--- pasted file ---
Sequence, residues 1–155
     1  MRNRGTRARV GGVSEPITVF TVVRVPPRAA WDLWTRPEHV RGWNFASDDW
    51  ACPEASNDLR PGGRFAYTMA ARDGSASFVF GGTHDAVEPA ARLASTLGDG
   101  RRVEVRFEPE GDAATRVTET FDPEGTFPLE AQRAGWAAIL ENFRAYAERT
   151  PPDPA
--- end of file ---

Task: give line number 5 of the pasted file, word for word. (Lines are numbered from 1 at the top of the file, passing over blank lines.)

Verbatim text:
   151  PPDPA